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The Global Economy

In today's world, the old split between 'domestic' and 'foreign' interests no longer applies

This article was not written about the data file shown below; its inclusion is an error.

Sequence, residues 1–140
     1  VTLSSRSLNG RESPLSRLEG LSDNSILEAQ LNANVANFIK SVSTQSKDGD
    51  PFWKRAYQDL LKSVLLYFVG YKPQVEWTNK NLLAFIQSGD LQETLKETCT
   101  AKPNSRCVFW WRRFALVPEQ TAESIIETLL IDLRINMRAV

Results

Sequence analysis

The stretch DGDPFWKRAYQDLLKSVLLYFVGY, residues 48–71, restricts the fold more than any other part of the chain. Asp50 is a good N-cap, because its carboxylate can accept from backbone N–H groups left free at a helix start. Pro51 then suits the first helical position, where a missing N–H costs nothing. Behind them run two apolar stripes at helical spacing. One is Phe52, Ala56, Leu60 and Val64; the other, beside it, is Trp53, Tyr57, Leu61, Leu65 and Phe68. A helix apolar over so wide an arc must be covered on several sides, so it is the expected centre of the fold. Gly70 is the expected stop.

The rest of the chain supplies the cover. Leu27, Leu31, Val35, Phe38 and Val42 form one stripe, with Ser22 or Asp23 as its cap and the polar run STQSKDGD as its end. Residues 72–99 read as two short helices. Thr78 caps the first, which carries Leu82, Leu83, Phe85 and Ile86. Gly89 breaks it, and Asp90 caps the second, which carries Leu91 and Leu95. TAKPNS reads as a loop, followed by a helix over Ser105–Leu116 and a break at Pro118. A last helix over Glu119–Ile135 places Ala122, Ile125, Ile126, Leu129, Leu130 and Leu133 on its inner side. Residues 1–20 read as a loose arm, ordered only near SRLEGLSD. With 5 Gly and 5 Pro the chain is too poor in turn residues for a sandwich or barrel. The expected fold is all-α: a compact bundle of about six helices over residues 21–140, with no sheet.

THE "new world order" seems to be conspiring against the Democratic Party. Recent events in the Soviet Union are one more in a series of foreign crises that have thwarted the Democrats' efforts to effectively focus voter attention on the Bush administration's "domestic" policy failings.Part of the Democrats' problem is that the odds are stacked against them. In the rapidly changing, conflict-prone world we live in, it is a safe bet that international crises will regularly capture headlines and intrude on United States politics. At the core, however, the Democrats suffer less from statistical inevitability or bad luck than from a fundamental conceptual error. It simply no longer makes sense to bifurcate the United States policy agenda into "domestic" and "international" issues. In an increasingly interdependent world, particularly one in which economics has moved center stage, our ability to resolve problems at home more often than not depends upon the policies and actions of other nations. And, at the same time, our capacity t o influence the policies of those nations - i.e., our ability to conduct an effective foreign policy - will hinge on how we deal with our ills at home. It has become almost conventional wisdom - echoed even by some who have made their careers in foreign policy - that the time has come for the US to turn its resources and energy inward to address long-ignored domestic needs. The "domesticists" have a point. Our national troubles are severe and worsening: stagnant real wages and growing economic inequality; collapsing bridges and crumbling highways; a failing educational system; a horrendously costly medical establishment; and rampant urban violence and d rug use. These and other problems surely demand greater national attention. That does not mean, however, that we can suddenly ignore the rest of the world. No matter how appealing, the "Come Home, America" slogan is basically wrong. With the end of the cold war and the dismantling of the Soviet Union, international relations have changed almost beyond recognition, but their importance has hardly been reduced. In fact, global economic issues now impinge upon the well-being of the average American more powerfully than the cold-war rivalry ever did. Few doubt that the US can and should now cut its defense budget and transfer the savings to social programs. Nor is there much argument that we should be most prudent before sending American youth into third-world conflicts. But where else can we retreat from foreign affairs? Should we ignore the crumbling of the Soviet Union - forgetting not only the huge Soviet nuclear arsenal but the potentially disruptive impact on Europe? Should we give up on peacekeeping efforts in the Middle East - despite our chronic dependence on Gulf oil? Should we turn our backs on Mexico - ignoring our 2,000-mile common border and the tightening economic, social, and cultural integration of our two societies? Should we leave to other countries the tasks of containing global warming, stopping ozone depletion, and preserving biological diversity? WHAT about the crucial international economic issues? We are not even close to shaping a global economic order that effectively serves US interests. Dramatic initiatives are required to stave off failure in the Uruguay Round of GATT negotiations with potentially dire consequences for world trade, US exporters, and our domestic economy. The group of seven industrial countries meet regularly but have yet to effectively coordinate their macroeconomic policies. The US and Japan, the world's two main economic powers, need to diminish the destructive aspects of their rivalry before they inflict serious damage on both societies. And enlightened self-interest calls for the US and other industrialized countries to invest more and better in promoting the development of the world's poorer countries. Which of these challenges should we abandon? The US faces something of a vicious policy circle. Our economic and social troubles at home reduce our influence over key international events and trends. The lack of international influence, in turn, threatens to diminish our ability to resolve our domestic troubles. The way to break that circle is not to downgrade either domestic or international issues, but rather to recognize that together they comprise a single integrated agenda. Creating a new world order and a new domestic order is a single enterprise.

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